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Victory in the Pacific

Victory in the Pacific
The story of the end of World War II, told through American and Japanese first-hand accounts.
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In this provocative, thorough examination of the final months of the war, American Experience looks at the escalation of bloodletting from the vantage point of both the Japanese and the Americans. As the film shows, most of the Emperor's inner circle was determined to continue the war even after losses in the Philippines in February 1945 cut off Japan's supply lines. And though he was warned that the country, brought to its knees by the conflict, might erupt in a Communist revolution, Emperor Hirohito believed that one last decisive battle could reverse Japan's fortunes.

The Americans, for their part, were startled by the intensity and determination of the Japanese defenders in the South Pacific. "Do the suicides of Saipan mean the whole Japanese race will choose death before surrender?" wrote a reporter in Time . From the U.S. capture of the Mariana Islands through the firebombing of Tokyo and the dropping of the atomic bomb, Victory in the Pacific chronicles the dreadful and unprecedented loss of life and the decisions made by leaders on both sides that finally ended the war.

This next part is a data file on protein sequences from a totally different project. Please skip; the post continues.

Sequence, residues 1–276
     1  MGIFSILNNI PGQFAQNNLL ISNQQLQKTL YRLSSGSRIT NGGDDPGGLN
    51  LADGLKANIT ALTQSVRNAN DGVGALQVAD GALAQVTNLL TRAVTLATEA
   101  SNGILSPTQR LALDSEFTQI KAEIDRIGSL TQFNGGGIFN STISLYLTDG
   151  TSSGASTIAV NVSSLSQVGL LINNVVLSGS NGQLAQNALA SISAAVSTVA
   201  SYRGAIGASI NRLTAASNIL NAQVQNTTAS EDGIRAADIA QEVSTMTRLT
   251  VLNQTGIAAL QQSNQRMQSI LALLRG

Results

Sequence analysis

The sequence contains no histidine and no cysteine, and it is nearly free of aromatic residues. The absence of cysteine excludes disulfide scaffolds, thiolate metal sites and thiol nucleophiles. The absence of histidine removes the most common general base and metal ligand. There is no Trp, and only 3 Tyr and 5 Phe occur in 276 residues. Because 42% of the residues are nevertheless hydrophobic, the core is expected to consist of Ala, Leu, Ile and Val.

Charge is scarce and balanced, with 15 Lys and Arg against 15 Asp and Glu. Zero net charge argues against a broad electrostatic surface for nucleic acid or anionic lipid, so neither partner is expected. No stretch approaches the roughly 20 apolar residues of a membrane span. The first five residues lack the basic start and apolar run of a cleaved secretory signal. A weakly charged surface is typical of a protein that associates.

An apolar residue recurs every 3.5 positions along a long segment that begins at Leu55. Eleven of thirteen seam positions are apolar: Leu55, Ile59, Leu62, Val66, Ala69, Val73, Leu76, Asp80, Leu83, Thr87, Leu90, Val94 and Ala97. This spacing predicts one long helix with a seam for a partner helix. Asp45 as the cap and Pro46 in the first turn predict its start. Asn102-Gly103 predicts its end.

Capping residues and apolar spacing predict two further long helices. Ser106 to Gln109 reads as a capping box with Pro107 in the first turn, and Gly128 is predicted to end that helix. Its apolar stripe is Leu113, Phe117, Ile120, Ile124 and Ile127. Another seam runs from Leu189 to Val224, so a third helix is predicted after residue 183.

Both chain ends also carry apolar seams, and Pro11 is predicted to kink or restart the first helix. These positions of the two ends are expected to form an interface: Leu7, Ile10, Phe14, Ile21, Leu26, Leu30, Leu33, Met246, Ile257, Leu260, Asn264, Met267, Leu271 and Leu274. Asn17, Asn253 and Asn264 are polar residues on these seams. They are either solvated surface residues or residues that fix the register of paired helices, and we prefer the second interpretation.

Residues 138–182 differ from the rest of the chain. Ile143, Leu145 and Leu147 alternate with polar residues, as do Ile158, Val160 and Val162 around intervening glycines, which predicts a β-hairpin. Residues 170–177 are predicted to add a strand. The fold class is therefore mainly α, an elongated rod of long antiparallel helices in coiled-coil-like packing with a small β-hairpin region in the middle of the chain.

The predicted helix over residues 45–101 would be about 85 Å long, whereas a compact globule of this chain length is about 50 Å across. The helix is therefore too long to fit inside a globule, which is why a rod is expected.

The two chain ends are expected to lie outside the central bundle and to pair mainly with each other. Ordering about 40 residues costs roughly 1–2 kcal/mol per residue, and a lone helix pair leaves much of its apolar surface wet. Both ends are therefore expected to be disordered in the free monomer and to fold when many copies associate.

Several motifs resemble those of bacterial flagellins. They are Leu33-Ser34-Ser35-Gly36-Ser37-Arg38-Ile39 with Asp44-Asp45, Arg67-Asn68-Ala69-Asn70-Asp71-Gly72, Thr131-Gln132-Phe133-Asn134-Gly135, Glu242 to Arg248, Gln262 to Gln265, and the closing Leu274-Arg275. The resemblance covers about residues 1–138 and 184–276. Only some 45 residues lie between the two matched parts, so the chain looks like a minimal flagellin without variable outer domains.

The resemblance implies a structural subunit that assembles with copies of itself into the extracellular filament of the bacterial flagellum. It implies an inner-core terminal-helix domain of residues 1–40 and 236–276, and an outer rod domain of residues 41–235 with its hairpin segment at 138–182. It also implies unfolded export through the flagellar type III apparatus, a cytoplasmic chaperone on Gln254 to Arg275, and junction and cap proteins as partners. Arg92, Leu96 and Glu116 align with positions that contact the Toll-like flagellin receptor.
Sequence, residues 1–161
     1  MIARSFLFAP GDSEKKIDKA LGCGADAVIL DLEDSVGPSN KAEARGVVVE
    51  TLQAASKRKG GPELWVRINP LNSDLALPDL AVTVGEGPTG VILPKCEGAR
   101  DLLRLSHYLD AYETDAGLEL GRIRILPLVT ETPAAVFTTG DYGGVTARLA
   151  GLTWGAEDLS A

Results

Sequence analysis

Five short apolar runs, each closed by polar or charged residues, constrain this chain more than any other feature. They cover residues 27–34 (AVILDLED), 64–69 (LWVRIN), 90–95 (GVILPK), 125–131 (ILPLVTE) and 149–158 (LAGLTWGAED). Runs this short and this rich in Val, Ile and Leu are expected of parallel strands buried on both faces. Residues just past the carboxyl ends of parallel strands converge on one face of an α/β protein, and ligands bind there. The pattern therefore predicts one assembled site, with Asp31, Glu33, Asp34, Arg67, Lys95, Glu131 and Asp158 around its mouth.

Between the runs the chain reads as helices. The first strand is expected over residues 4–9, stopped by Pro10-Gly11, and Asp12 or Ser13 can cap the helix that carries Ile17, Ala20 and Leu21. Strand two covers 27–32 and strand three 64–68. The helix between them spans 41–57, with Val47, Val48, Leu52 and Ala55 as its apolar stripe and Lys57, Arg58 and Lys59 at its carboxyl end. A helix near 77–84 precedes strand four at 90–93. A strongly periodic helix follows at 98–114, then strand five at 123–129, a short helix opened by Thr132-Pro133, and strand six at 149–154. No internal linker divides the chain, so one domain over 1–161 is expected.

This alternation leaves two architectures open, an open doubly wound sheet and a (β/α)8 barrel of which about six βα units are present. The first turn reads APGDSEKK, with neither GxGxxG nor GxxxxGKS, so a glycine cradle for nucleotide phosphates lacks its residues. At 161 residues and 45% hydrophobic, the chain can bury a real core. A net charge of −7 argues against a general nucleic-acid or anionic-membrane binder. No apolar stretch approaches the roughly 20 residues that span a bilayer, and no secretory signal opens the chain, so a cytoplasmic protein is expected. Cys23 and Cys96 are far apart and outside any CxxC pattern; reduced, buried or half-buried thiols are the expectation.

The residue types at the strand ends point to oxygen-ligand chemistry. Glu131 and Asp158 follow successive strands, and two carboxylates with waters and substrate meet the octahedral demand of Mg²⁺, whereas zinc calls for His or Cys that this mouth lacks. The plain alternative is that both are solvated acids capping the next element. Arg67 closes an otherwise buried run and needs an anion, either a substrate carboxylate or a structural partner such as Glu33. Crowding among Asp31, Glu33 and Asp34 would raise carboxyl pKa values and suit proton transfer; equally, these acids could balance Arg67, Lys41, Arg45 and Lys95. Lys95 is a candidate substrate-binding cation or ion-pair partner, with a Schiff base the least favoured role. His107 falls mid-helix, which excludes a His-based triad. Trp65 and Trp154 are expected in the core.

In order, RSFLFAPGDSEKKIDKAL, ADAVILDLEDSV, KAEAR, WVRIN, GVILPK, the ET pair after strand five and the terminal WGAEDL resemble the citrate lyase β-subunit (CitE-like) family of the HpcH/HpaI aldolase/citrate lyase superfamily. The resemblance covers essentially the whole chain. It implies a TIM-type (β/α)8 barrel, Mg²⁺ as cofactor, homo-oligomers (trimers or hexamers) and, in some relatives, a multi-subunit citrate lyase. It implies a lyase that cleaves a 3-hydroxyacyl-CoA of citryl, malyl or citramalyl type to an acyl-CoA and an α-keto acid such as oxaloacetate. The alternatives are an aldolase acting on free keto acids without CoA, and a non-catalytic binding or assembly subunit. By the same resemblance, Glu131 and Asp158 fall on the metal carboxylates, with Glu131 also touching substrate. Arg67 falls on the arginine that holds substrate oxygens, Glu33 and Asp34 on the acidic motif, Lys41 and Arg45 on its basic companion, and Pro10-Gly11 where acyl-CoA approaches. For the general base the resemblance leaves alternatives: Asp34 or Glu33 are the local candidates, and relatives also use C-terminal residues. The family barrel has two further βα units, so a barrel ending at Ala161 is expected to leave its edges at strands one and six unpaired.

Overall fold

Vietnam: A Television History

Vietnam: A Television History
The war in Vietnam changed a generation -- and continues to color American thinking today.
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Vietnam was the first television war, and seen again its images are as powerful as when they first appeared on the screen. Weaving remarkable historical footage with a dispassionate narrative and the recollections of policymakers and ordinary soldiers on both sides, This program carefully analyzes the costs and consequences of the war. "Vietnam," a television classic, has been called "extraordinary," "riveting," "meticulously researched and carefully balanced" and has won every major broadcast award.

Views of a Vanishing Frontier (no website available)
The journey of Prince Maximilian, German naturalist, and artist Karl Bodmer, who explored the Mississippi River area from 1832-34.
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The journey of Prince Maximilian, German naturalist, and artist Karl Bodmer, who explored the Mississippi River area from 1832-34, meticulously documenting in paintings and journals the landscape, plants and life of Native Americans.
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